ALISON STEWART, host:
The two presidential candidates - presumptive presidential candidates, we should say - differ in obvious ways, policies, style, and this weekend, in their desire for press attention. On the one hand, the young, Midwestern senator, making a trip and inviting Katie, Charlie, and Brian along. That would be Couric, Gibson and Williams, the evening news anchors. And on the other hand, the older, Southwestern senator, booting a high-profile advisor on a Friday night in the summer, after all the political journalists have left D.C. for the Maryland shore.
But the folks at Politico.com never rest, which is why we have had the great pleasure, since the piloting phase of this program, to work with them. Joining us one last time is Jim VandeHei, the executive editor of politico.com. Hi, Jim.
Mr. JIM VANDEHEI (Executive Editor, Politico.com): It's a weepy Jim VandeHei.
STEWART: Aw, thanks. Well...
Mr. VANDEHEI: There is actually talk that they're going to suspend the campaign in protest.
(Soundbite of laughter)
STEWART: Keep that talk up. Keep that talk up. Hey, Senator Obama, he's out on what I've been calling just basically a fieldtrip. On Thursday, he's going to go to Berlin to meet with Angela Merkel, the chancellor. Obama is going to meet with Ehud Olmert in Israel. That the two big meetings that really could have some sort of impact on his campaign are with President Karzai in Afghanistan and Iraqi Prime Minister Maliki. Now, can you lay out the pros of these two meetings for him, and then how he might misstep?
Mr. VANDEHEI: Well, the stakes of this trip are unbelievably huge. I mean, the fact that sort of - a foreign trip in the summer when most people aren't even paying attention to the campaign means this much, I think, says so much about Barack Obama. I think, in his mind, he can really close the deal with Independent voters, and even a lot of Republicans, if he can just prove that he can be strong on the national stage, that he understands foreign policy, and that he doesn't carry the baggage that a lot of voters feel some Democrats do when it comes to national security and fighting terrorism.
If he can go into all of these meetings, look like a statesman, not do anything to sort of embarrass himself or the campaign, and show that he can think pretty smartly and sophisticated about international issues, this will be a huge triumph for him. I really do think that. The McCain campaign certainly fears that. Now, the danger is, is that he goes too far, and that this starts to look like a taxpayer-funded fieldtrip, like you called it, or just a...
Mr. VANDEHEI: PR stunt on his part.
Mr. VANDEHEI: I think so far, that hasn't happened, but man, every single camera from the United States overseas is trained on this guy for five days. So, everything he does is going to be amplified, for better or worse.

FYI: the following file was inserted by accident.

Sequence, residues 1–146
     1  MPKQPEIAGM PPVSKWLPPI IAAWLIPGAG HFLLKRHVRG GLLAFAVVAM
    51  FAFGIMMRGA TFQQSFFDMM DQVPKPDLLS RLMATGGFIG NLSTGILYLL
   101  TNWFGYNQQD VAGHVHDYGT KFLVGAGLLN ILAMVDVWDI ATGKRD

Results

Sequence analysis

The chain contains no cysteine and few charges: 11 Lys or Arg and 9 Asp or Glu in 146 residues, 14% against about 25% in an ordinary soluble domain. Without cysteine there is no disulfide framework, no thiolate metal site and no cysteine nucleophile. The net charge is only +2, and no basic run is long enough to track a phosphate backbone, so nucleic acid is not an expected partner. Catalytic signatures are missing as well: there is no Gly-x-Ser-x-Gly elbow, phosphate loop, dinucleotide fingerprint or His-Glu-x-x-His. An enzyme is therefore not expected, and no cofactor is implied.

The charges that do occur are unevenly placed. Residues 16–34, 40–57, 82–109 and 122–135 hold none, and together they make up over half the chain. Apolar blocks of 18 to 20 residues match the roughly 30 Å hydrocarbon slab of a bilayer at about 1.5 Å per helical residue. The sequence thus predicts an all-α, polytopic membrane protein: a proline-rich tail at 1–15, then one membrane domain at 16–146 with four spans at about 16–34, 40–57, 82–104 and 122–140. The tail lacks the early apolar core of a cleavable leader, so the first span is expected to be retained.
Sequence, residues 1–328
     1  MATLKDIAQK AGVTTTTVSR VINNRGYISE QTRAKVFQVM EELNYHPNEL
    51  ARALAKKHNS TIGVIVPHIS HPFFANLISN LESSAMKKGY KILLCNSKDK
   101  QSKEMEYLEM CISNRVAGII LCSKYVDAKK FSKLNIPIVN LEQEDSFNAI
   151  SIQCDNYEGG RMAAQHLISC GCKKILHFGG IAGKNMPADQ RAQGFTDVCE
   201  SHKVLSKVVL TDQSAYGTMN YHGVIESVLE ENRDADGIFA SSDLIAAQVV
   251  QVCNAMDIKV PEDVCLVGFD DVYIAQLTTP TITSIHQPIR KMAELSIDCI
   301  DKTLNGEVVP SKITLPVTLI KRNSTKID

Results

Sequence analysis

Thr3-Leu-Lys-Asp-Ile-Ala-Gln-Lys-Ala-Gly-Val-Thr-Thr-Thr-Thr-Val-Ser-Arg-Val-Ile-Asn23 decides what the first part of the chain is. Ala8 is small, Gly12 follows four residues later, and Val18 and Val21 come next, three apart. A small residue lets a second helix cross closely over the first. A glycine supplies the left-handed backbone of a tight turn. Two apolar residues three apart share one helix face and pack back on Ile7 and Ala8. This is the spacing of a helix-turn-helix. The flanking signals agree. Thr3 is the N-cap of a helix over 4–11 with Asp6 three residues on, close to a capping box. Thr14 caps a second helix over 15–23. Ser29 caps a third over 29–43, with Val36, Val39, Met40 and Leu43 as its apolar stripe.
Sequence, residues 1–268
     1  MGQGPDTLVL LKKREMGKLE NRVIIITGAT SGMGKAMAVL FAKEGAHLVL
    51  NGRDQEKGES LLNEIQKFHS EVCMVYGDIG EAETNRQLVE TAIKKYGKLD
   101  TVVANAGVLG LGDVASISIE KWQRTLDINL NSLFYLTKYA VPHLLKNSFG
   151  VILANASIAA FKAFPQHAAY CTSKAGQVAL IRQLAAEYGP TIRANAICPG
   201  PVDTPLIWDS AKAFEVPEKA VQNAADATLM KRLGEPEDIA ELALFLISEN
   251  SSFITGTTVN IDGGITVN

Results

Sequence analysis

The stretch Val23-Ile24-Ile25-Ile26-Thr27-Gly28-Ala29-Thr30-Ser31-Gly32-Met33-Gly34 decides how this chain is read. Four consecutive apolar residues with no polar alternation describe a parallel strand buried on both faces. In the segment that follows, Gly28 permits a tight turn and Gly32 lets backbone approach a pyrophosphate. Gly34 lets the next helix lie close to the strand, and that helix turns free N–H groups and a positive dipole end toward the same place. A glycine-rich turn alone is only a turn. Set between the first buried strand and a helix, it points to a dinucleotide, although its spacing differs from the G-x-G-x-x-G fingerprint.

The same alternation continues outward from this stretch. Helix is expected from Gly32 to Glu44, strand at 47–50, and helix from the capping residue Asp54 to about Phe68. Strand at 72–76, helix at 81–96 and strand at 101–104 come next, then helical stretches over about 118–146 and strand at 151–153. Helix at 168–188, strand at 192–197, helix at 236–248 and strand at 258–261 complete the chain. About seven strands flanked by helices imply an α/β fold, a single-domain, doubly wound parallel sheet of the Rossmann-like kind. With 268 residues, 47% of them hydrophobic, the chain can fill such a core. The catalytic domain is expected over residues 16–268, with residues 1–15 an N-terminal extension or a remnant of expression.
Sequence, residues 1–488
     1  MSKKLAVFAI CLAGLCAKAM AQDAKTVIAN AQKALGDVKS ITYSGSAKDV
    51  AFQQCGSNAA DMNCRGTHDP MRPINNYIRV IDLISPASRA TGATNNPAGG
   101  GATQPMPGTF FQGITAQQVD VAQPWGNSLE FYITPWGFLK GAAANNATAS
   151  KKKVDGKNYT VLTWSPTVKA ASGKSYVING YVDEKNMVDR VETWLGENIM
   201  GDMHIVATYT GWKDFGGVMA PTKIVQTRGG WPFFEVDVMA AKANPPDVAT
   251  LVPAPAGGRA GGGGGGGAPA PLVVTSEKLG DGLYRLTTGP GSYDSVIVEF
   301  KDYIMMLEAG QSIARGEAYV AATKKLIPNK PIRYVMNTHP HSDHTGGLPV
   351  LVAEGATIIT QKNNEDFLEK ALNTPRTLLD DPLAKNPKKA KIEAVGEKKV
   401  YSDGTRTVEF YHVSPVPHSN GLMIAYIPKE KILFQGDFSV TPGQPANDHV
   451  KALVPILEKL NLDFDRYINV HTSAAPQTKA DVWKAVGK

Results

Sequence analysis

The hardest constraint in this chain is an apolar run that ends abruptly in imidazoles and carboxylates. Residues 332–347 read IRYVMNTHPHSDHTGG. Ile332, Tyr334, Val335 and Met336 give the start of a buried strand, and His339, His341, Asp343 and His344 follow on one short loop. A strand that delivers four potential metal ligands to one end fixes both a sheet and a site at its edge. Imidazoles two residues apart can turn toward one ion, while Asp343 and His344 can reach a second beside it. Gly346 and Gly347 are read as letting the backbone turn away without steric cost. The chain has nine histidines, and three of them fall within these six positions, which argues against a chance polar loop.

STEWART: Could he have made this trip in a press blackout, do you think?
Mr. VANDEHEI: Oh, I don't know. I mean, in some ways, he was forced, I think, to do this, and maybe the McCain campaign will come back to regret this. Remember, it was the McCain campaign and Lindsey Graham that put so much pressure on him saying, hey, he's never been to Iraq. He's got a - you know, how can he sit here and make these proclamations about the conditions on the ground when he doesn't go there?
Well, he called their bluff, and now he's going there. And he doesn't have a press contingent with him in Iraq, but obviously knows that he's going to get a heck of a lot of coverage for it. But you know, this is a candidate who spends much more time than most candidates sort of thinking about the words that he uses in speeches and the stagecraft which he's presented. And I think that my guess is they put a lot, a lot of smart thought into making sure that each and every stop he gets maximum PR pop.
STEWART: Now, he's on the trip with Jack Reed from Rhode Island, and Republican Senator Chuck Hagel, and in the VP-pick parlor game, Hagel is a name that's floated as an Obama running mate. Is that just kind of one of those for-fun, dream-ticket things? Or is there any veracity to this happening?
Mr. VANDEHEI: No, I don't think that - I don't think that's a serious chance...
STEWART: It's just fun?
Mr. VANDEHEI: Of him getting the ticket. What Obama wants is just someone who's not going to be a distraction and somebody who he feels really could be president if he were, you know, God forbid, something happened to him, and he couldn't serve in office. So, I think he'll probably go with a safer pick, like, either somebody who has some national-security experience, who is not that controversial, maybe like an Evan Bayh from Indiana, maybe Jack Reed, who's already said he doesn't want the job, but of course, would take it if offered. Or you know, someone who can really help him in a key state. I still think that Governor Kaine here in Virginia is, in some people's minds, like, the ideal pick, because he really could help deliver a key state to Obama. And if Obama can win Virginia, he probably can win the election.
STEWART: So, crossing over of party lines, for example, Joe Lieberman has been floated as the Independent-slash-Democratic answer to Chuck Hagel. Would Joe Lieberman ever be on a McCain ticket? Or again, is this just parlor games of, wow, wouldn't it be cool if people crossed party lines?
Mr. VANDEHEI: I think there's a more realistic chance that you'd see Lieberman on a McCain ticket than Hagel on an Obama ticket, mostly because the chemistry between the two men is crystal clear. I mean, this is one of the most aggressive advocates for John McCain, is Joe Lieberman. It's been someone who's been vetted. It's someone who's been through the process. It's someone who probably helps him, certainly, on the national-security front in dealing with Middle East issues. The problem is, it would obviously turn off a lot of Republicans and amplify fears they already have about McCain, about whether he's squishy and whether he's truly, quote, unquote, "one of them."
There seems to be a lot, a lot of talk around McCain about Romney, and even the potential that this happens sooner rather than later. Romney, what he would bring to the ticket, you know, a forceful advocate of McCain, somebody who's well-versed on the economy and someone who can raise a tremendous amount of money. The downside is I don't think the two men like each other. They certainly didn't during the campaign, and there's no evidence to suggest that they've some sort of healing session since.